Opinion

The assisted suicide movement is proof that we are failing people

In almost all situations, suicide is seen as a bad thing. It is seen as tragic, something to be prevented at all costs. Yet the assisted suicide movement is turning that on its head, with suicide becoming something to be promoted and encouraged — provided that the person is mentally ill, disabled, or “suffering” in any way.

David Leyonhjelm, an Australian veterinarian, wrote an op-ed for the Huffington Post Australia calling it “cruel” to keep people alive when they want to die. He comes to this conclusion based on his work as a veterinarian, where animals are routinely put to sleep, despite the fact that human beings are not animals.

“Denying assistance to those who are suffering and wish to end their own lives is extraordinarily cruel,” Leyonhjelm wrote. “It can result in a long and painful death. Too weak or incapacitated to end their lives themselves, they are condemned to suffer until nature takes its course. For some facing that prospect, the preferred approach is to die by their own hand while it is still possible.”

It’s interesting that Leyonhjelm avoids being honest about what he’s doing here: romanticizing suicide. It’s a common tactic in the assisted suicide movement; instead of openly calling it what it is, they prefer platitudes like “death with dignity” or “medical aid in dying.” It’s not often that people encourage suicide, yet that is what Leyonhjelm is doing.

He continued, saying, “Most people accept that painlessly ending the suffering of animals is an act of compassion. As a veterinarian I often had the decision to put an animal to sleep placed in my hands, because animals cannot give consent.” Of course, animals don’t have the intrinsic dignity that humans have, something that Leyonhjelm doesn’t acknowledge. Are they all the same in his mind? “Yet even when we give consent and beg for help, the law denies humans the same compassion,” he added.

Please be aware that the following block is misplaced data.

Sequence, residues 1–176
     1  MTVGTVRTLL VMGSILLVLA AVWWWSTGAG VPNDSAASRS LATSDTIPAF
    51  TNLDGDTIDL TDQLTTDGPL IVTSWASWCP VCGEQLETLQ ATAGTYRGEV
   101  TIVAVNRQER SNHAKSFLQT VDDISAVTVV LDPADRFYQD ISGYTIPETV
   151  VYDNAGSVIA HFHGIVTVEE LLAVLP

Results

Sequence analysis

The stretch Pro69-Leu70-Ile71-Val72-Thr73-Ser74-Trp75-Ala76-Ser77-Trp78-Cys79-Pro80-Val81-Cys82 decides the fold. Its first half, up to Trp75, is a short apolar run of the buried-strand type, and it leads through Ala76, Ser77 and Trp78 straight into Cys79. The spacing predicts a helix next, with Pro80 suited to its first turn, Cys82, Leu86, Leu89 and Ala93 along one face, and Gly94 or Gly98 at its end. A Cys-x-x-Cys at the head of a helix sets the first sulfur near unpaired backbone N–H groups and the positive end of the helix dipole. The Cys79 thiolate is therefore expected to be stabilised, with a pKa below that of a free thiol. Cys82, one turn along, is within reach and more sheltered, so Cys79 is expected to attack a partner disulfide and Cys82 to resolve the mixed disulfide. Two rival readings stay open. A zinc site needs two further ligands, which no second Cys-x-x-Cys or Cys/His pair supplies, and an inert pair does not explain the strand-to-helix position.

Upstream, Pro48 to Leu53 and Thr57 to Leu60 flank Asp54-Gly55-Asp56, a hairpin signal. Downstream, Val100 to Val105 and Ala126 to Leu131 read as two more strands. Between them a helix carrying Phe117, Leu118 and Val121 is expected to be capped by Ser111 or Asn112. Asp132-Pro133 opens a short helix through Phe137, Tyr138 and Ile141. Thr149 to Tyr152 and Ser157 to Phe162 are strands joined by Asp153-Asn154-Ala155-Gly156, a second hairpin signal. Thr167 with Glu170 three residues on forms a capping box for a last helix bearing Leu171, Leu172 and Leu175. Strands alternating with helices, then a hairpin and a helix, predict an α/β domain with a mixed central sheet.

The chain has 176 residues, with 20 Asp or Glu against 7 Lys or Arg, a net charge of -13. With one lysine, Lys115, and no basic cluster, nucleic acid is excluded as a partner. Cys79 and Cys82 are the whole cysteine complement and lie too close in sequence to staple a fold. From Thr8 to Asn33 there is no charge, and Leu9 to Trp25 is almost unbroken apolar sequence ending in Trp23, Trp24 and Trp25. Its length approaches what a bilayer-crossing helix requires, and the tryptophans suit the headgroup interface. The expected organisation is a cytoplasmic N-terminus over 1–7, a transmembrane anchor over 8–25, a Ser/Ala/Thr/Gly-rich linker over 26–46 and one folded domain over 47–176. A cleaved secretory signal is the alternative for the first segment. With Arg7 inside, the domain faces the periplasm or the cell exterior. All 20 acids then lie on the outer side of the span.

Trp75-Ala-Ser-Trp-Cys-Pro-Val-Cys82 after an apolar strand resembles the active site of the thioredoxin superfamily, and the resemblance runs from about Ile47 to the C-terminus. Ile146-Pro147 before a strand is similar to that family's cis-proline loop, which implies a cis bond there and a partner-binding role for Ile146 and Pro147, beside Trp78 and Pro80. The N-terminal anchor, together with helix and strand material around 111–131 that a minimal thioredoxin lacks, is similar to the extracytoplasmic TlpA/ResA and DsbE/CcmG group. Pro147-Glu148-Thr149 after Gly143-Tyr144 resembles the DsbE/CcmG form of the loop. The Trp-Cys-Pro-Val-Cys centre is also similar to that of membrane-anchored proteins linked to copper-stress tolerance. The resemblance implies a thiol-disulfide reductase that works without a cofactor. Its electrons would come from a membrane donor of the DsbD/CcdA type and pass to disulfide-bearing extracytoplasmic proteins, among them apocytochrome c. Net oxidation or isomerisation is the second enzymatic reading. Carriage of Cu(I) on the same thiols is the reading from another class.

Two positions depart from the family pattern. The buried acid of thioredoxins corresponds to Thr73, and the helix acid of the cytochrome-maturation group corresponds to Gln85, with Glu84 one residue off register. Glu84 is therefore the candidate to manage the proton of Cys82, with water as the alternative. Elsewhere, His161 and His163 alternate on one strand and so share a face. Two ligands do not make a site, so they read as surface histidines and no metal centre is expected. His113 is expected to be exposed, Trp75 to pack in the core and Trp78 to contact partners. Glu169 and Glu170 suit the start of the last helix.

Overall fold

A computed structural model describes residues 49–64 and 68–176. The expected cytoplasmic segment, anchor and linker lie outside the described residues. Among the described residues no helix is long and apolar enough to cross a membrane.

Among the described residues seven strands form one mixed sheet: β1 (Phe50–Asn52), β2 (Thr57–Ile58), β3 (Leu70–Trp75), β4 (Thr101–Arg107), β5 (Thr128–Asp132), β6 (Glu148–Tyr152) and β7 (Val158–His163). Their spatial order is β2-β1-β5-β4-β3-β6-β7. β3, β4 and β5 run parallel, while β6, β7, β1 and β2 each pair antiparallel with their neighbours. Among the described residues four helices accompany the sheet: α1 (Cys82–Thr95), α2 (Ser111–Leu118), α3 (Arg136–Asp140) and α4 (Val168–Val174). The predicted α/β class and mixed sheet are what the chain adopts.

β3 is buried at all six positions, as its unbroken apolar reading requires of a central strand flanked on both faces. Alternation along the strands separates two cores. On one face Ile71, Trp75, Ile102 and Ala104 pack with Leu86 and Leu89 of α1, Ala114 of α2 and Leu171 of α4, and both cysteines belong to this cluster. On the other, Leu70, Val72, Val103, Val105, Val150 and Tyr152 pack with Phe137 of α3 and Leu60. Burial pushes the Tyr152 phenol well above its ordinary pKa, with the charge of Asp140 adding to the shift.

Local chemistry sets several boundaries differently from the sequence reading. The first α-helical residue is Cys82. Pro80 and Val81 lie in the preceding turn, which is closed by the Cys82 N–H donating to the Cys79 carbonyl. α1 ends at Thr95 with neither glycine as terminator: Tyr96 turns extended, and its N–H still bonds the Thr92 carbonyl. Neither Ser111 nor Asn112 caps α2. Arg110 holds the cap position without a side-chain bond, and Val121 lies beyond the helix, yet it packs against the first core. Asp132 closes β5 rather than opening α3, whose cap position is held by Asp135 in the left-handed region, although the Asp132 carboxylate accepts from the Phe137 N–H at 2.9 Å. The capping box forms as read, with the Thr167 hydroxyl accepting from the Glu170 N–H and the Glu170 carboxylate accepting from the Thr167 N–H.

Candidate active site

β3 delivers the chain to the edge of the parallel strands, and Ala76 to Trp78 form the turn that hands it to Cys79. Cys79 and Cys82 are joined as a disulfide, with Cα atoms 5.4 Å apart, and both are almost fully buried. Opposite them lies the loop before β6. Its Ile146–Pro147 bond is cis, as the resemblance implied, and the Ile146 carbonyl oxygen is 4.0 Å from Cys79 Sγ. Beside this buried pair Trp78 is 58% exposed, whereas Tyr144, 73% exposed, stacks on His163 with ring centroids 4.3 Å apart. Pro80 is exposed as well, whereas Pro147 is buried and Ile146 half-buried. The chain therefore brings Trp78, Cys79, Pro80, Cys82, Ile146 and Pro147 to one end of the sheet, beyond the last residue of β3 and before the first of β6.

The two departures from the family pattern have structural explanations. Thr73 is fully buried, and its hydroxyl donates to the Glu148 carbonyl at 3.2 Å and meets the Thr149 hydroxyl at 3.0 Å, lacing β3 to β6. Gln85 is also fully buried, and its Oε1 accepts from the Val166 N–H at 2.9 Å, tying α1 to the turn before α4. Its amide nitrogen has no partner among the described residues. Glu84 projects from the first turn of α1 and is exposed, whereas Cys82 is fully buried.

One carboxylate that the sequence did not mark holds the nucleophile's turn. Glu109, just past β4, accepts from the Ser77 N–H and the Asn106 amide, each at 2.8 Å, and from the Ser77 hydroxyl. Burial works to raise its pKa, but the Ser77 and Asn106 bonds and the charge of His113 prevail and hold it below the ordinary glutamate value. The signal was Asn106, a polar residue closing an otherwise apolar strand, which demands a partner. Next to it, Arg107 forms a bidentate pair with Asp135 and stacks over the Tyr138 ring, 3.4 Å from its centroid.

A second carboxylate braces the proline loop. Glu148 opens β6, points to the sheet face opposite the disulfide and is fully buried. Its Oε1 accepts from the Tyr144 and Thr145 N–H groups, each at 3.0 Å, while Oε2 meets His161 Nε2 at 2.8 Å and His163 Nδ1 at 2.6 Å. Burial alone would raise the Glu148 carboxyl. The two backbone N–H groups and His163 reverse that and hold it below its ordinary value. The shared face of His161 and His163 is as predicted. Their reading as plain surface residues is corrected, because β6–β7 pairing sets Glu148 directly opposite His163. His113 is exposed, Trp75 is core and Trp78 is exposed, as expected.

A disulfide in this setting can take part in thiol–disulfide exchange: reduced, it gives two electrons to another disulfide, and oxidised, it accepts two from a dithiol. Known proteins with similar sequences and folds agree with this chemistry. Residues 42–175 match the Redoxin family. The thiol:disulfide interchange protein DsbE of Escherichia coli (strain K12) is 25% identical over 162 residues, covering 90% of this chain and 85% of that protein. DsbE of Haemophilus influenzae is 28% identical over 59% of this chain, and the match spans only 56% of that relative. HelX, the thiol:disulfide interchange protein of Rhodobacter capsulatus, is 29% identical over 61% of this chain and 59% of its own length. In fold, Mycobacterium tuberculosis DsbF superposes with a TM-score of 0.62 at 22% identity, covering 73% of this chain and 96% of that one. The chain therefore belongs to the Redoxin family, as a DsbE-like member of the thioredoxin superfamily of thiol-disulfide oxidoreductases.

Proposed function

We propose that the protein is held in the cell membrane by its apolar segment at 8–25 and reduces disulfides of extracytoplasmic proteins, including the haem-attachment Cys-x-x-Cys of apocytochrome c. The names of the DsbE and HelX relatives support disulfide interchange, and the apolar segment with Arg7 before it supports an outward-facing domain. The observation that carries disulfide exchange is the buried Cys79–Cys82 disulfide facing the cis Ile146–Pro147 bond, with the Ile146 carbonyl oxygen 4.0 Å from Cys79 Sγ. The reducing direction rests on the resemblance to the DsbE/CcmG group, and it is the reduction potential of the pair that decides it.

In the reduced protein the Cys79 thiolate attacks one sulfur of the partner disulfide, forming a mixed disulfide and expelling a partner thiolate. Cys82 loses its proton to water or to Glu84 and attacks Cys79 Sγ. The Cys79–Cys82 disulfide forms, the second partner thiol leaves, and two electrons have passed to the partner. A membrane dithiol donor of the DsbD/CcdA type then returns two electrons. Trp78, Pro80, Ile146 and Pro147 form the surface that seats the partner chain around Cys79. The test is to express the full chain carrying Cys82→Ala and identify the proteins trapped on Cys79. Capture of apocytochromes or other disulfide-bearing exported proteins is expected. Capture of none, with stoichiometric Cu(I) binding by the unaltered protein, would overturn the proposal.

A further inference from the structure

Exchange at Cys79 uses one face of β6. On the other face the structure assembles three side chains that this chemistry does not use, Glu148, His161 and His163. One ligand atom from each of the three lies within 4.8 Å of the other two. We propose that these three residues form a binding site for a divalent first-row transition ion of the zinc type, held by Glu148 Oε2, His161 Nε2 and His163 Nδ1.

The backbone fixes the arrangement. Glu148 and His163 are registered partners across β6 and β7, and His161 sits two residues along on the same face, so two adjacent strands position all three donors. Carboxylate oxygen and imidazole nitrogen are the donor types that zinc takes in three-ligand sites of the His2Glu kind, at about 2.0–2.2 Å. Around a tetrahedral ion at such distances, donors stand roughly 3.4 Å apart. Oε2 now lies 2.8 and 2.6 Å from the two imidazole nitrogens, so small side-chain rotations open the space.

Leyonhjelm has introduced a bill that would decriminalize assisted suicide in Australia, saying that a large majority of Australians support legalizing assisted suicide. But Leyonjhelm and his fellow assisted suicide advocates need to be intellectually honest about what they’re fighting for.

If a normal, healthy person openly says that they want to kill themselves, then it is a virtual guarantee that no one will shrug their shoulders and tell them that it’s their choice to decide when they die. Suicide is a horrific act that we recognize is often caused by depression — an actual medical condition — or by a person who feels that they have no other choice. Instead of agreeing with them that their life is meaningless or that it would be better to just end it all, we try to get them medical treatment, to help them see that their life has value. But not Leyonhjelm, apparently. For him, if someone wants to kill themselves, we should not only just let them do it, we should force a doctor — someone who took an oath to heal — to participate. We shouldn’t bother getting them mental help or giving them options that can make their life more bearable; we should just refer them to someone who can kill them, according to Leyonhjelm. He wants to turn doctors into hitmen, and to make suicide something that is no longer unthinkable, but something acceptable.

Leyonhjelm and the euthanasia lobby would surely be angry at this characterization; they just want assisted suicide for people who are severely disabled, or suffering, or terminally ill, or elderly. But consider what that line of thinking means: that the people who are the most vulnerable in society are expendable, whose lives are not worthy of saving when they are having suicidal thoughts. In reality, these are the people who need us the most, and promoting assisted suicide for them means that we are failing them.

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